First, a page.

Back when they were in high school, Reynaldo "Rhey" Torrecampo (Migs Almendras) and Illuminada "Lumen" Sanchez (Maris Racal) were best of friends. Rhey was an admirer of basketball jock Domingo "Dom" de los Santos (Albie Casino), who in turn was in love with Lumen. Rhey loved the two so much that he whole-heartedly volunteered to take care of Lumen while Dom trained from 1979 to 1981, and later, when he worked as a seaman abroad. In 2001, Dom's ship sank at sea near Mexico and he was assumed to be dead by everyone.
Twenty years later, Dom (Philip Salvador), very much alive, suddenly came back home. He first went to see Rhey (Michael de Mesa), now working as a hairdresser and a drag performer. After explaining what happened during his very long absence, Dom asked to be brought to Lumen (Nora Aunor), now a cripple working on dried fish in a seaside town, so he can beg for forgiveness for abandoning her and their three children, namely Andy (Zanjoe Marudo), Peter (Joseph Marco) and Dolly (Sanya Lopez), all of whom now led troubled lives.
With Heaven's Best Entertainment Productions producing and Joel Lamangan directing, I could not help but suspect that "Isa Pang Bahaghari" was going to be a retread of Heaven Best's most successful film, "Rainbow Sunset" (2018). In both films, there were three senior characters involved, one gay in love with a straight male who was married to a straight female who was also a friend of the gay. The plotlines and their social statuses were not the same, of course, but there was also a terminal disease involved somewhere in there.
Having Nora Aunor as Lumen was, of course, the best draw of this film, and, as always, her passion can sear through the screen. Philip Salvador did his earnest best with his meaty role as the repentant Dom, even though his sob-story remained unconvincing and sketchy to the very end. It is just too bad that both of them were given lines which tended to be cliche, repetitive and unmemorable. Michael de Mesa had the showiest role as Rhey, and he played being gay effortlessly and with a sense of humor.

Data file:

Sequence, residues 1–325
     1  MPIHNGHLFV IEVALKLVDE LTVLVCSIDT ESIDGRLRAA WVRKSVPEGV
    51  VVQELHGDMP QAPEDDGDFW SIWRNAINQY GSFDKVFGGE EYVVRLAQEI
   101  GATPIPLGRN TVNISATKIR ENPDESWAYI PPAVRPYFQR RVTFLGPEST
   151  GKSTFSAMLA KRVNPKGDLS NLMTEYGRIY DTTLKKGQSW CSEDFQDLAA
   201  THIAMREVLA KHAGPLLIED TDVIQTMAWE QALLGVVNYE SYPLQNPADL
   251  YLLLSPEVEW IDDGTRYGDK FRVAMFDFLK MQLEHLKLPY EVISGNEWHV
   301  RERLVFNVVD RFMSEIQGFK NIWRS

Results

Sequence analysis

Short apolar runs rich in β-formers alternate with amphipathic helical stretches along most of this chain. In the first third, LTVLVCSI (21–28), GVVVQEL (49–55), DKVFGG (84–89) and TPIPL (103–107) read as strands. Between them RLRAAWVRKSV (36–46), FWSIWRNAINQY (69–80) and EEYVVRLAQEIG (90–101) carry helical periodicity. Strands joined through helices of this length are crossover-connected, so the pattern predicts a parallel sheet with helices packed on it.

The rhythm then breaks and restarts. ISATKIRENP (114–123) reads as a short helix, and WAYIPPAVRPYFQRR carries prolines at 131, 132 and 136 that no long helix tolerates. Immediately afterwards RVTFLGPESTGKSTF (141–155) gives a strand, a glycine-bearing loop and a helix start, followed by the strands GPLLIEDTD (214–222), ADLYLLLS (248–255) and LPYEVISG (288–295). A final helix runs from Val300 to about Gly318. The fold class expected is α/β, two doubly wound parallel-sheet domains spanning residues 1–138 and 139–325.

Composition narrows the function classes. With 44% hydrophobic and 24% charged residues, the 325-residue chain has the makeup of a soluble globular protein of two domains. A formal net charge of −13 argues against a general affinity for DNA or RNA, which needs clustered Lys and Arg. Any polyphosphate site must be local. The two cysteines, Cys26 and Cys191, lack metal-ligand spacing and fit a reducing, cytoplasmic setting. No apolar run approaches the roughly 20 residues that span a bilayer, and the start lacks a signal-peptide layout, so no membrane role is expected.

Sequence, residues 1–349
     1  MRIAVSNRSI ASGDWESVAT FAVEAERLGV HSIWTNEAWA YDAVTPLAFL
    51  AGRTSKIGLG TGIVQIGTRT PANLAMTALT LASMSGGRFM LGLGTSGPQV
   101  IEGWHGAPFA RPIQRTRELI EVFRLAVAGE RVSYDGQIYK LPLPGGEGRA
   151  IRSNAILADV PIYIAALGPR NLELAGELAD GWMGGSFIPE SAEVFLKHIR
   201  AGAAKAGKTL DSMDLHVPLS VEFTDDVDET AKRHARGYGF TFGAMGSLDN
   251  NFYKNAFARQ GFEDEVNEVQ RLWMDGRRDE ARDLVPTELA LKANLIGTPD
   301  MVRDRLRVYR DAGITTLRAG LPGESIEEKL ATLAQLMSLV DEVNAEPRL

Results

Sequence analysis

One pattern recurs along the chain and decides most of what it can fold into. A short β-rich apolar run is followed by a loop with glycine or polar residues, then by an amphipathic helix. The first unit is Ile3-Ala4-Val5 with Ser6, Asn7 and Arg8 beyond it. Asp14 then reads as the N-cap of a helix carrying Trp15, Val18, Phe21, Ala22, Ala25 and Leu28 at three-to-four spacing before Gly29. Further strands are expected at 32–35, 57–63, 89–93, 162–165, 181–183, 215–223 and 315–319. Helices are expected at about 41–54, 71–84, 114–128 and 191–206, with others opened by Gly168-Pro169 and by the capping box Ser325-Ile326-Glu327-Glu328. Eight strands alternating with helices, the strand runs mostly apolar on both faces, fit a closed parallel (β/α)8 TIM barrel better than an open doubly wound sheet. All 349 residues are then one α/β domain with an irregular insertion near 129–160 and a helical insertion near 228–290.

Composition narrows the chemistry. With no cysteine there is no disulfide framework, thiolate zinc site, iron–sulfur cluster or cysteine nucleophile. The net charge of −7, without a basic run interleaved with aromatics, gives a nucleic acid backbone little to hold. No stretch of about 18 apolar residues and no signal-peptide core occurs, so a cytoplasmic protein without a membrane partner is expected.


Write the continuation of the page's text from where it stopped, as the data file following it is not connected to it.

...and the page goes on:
The casting of Racal, Casino and Almendras seemed too random, as they looked nothing like their older counterparts Aunor, Salvador and de Mesa. Marudo, Marco and Lopez fared a little better acting-wise but their subplots (drug pusher bum, guy falsely accused of rape, beer-house GRO single mom) were already very familiar tropes in local soap operas and movies. Jim Pebanco played Lumen's brother Larry who was a barangay captain. Fanny Serrano played Toots, Rhey's gay dressmaker friend and fellow drag performer of Filipino folk songs.
As one can assume with the synopsis, anyone who watches Filipino dramas can already somehow predict how the whole story was going to run. Of course, initially it was expected that Dom was going to encounter a lot of bitter anger and resentment from Lumen and the three children. Before the movie ended, it was expected that the walls of resistance were eventually going to break down, all the individual problems will be solved, and the whole family will get back together again.
However, screenwriter Eric Ramos and director Lamangan still had some surprises dropped along the way. One is the character of Cenen Espejo, a high school friend (Dave Bornea) who was now a wealthy bus tycoon (Lloyd Samartino). Another was a revisiting of a past sordid incident during a drunken stupor and the revelation of what really happened.
But they saved the most incredible and most shocking surprise at the very end. Some people will call that ending bizarre or absurd or contrived or ridiculous, and I won't blame them.
This review was originally published in the author's blog, "Fred Said."